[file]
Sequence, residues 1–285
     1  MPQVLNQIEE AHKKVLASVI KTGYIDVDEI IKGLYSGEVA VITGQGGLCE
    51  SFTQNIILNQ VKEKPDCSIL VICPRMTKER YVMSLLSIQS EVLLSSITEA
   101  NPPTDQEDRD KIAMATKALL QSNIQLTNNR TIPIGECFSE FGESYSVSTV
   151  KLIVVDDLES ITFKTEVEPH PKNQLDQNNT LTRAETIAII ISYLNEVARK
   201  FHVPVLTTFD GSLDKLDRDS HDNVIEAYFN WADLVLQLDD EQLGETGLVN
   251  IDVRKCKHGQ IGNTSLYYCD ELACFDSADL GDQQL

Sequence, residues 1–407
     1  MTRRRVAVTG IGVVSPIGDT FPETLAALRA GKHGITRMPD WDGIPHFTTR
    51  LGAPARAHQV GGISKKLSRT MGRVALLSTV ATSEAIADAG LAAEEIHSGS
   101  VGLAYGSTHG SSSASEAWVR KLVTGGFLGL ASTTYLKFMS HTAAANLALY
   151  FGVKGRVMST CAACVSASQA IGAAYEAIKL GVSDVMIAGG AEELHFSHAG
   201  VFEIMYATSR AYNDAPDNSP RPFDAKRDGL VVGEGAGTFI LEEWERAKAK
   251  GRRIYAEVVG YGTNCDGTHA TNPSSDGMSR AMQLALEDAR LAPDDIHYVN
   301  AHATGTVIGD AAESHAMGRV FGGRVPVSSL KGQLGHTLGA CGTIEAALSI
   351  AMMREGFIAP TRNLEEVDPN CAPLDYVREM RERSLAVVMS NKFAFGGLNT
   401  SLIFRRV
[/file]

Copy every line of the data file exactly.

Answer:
Sequence, residues 1–285
     1  MPQVLNQIEE AHKKVLASVI KTGYIDVDEI IKGLYSGEVA VITGQGGLCE
    51  SFTQNIILNQ VKEKPDCSIL VICPRMTKER YVMSLLSIQS EVLLSSITEA
   101  NPPTDQEDRD KIAMATKALL QSNIQLTNNR TIPIGECFSE FGESYSVSTV
   151  KLIVVDDLES ITFKTEVEPH PKNQLDQNNT LTRAETIAII ISYLNEVARK
   201  FHVPVLTTFD GSLDKLDRDS HDNVIEAYFN WADLVLQLDD EQLGETGLVN
   251  IDVRKCKHGQ IGNTSLYYCD ELACFDSADL GDQQL

Sequence, residues 1–407
     1  MTRRRVAVTG IGVVSPIGDT FPETLAALRA GKHGITRMPD WDGIPHFTTR
    51  LGAPARAHQV GGISKKLSRT MGRVALLSTV ATSEAIADAG LAAEEIHSGS
   101  VGLAYGSTHG SSSASEAWVR KLVTGGFLGL ASTTYLKFMS HTAAANLALY
   151  FGVKGRVMST CAACVSASQA IGAAYEAIKL GVSDVMIAGG AEELHFSHAG
   201  VFEIMYATSR AYNDAPDNSP RPFDAKRDGL VVGEGAGTFI LEEWERAKAK
   251  GRRIYAEVVG YGTNCDGTHA TNPSSDGMSR AMQLALEDAR LAPDDIHYVN
   301  AHATGTVIGD AAESHAMGRV FGGRVPVSSL KGQLGHTLGA CGTIEAALSI
   351  AMMREGFIAP TRNLEEVDPN CAPLDYVREM RERSLAVVMS NKFAFGGLNT
   401  SLIFRRV